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The Bottom is Zero

If someone ever tells you that bond yields won’t go lower, ask if they’re at zero yet. If not, yields can go lower.

Take our good friends in Germany, for example. Their 5-year government yield recently tumbled to an unthinkably low 8 basis points (0.08%). By contrast, Canada’s 5-year yield—which guides our fixed mortgage rates—is at 1.48%.

Germany and Canada are far from identical cousins economically and geopolitically, but that’s beside the point. The takeaway is that subdued growth and inflation can pound yields to the ground (long term), a scenario that Canada is not immune to.

“Against a background of ongoing geopolitical uncertainties and lower confidence, energy prices have declined and there has been a significant correction in global financial markets, resulting in lower government bond yields,” the Bank of Canada said last week. But that’s just the latest justification for Canada’s abnormally long stretch of low rates, one that would have been inconceivable a decade ago.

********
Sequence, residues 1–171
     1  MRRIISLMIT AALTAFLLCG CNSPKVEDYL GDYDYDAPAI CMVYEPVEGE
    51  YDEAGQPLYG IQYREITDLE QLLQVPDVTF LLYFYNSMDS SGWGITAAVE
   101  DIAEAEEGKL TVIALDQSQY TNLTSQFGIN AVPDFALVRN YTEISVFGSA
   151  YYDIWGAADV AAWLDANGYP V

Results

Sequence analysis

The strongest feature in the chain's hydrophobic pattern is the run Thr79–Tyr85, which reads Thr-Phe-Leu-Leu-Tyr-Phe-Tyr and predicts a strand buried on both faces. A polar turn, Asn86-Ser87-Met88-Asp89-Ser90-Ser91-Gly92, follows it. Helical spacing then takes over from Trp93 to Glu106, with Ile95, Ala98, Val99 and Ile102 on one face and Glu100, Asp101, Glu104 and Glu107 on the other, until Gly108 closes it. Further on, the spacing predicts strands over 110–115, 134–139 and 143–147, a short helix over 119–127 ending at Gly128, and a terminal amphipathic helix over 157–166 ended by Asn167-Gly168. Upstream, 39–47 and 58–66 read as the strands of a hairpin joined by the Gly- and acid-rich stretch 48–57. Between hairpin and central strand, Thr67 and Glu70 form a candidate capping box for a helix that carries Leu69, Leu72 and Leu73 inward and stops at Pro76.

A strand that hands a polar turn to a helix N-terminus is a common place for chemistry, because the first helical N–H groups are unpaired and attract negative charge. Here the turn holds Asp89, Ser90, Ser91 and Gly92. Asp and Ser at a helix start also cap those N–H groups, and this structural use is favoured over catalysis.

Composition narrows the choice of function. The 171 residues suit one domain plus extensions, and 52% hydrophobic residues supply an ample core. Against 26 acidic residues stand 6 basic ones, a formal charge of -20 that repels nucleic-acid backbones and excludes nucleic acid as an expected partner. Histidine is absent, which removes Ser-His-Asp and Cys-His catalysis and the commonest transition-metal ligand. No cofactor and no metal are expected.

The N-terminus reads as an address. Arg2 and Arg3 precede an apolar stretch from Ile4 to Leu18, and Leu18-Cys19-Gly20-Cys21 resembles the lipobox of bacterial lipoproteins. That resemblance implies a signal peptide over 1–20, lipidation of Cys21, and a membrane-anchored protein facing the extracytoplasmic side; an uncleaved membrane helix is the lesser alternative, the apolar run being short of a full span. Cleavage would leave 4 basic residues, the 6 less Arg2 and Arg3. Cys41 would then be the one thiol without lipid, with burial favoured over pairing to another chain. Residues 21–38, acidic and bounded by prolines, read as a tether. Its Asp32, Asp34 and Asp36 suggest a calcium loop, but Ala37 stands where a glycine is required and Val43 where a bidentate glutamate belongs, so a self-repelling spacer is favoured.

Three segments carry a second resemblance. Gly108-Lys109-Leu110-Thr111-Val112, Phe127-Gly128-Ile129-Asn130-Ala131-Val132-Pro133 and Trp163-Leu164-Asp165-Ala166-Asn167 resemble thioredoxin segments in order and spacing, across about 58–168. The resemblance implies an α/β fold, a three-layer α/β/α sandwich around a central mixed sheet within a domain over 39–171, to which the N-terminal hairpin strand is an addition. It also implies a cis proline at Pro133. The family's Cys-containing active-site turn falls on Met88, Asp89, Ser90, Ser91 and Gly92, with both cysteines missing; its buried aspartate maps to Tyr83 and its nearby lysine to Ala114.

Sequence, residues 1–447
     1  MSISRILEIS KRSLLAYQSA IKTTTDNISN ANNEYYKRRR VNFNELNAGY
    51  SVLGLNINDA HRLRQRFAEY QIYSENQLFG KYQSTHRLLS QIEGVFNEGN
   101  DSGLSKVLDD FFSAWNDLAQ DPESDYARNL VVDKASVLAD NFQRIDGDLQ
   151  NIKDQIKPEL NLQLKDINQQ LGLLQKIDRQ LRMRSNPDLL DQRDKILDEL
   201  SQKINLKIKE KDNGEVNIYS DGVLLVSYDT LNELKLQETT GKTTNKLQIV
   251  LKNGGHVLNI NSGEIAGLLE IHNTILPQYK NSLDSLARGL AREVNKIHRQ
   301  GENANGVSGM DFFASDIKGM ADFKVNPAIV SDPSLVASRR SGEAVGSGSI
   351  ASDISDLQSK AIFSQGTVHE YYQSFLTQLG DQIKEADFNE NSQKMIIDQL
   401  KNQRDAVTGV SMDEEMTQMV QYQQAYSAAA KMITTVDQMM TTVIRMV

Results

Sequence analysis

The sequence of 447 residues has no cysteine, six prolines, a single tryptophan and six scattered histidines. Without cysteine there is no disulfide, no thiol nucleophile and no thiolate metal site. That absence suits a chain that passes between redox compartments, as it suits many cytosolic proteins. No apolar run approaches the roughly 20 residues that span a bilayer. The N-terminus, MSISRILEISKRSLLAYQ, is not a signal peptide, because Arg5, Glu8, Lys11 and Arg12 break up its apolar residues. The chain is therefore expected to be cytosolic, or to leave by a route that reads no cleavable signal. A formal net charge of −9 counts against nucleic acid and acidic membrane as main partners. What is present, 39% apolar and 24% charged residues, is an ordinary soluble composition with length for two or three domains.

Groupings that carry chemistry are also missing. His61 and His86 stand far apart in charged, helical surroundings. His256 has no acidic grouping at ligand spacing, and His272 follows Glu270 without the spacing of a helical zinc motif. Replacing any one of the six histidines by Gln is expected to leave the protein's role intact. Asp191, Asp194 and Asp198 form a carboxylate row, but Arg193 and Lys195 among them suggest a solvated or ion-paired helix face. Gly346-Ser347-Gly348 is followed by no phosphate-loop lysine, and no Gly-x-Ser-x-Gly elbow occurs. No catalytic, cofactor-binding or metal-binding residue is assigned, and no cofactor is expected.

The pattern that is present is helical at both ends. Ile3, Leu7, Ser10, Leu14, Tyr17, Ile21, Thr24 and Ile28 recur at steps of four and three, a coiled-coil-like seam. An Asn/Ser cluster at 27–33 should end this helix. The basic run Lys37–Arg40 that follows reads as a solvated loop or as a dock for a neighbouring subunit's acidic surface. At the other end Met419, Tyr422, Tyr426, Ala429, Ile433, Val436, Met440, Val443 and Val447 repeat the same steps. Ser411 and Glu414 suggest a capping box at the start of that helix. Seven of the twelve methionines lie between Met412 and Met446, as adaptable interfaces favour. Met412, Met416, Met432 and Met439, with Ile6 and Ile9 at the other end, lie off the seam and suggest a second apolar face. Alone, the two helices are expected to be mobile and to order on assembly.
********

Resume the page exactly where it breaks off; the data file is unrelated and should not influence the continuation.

Like Canadian economists, German prognosticators have been on the wrong side of this trend for years. Despite repeated predictions of a rebounding economy and central bank tightening, rates have sporadically soared for a few months, only to skid right back down to their lows.

Slowly but surely, economists are growing averse to being repeatedly wrong. Some are finally coming to the realization that depressed rates may be here to stay. The “experts” are pushing out their rate hike forecasts and slashing their “neutral rate” estimates.

The chief risk for bond yields is that they remain low for long,” BMO economist Benjamin Reitzes told Bloomberg last week. That certainly seems to be the fate for Germany, where 5-year fixed mortgage rates are as low as 1.25%.

Someday we’ll see 5-year fixed rates at 1.99% or less in Canada as well. Few can envision it, but we’d be foolish to bet against it.

German bond chart source:

German mortgage rate source: Peter Kleinwächter

Rob McLister, CMT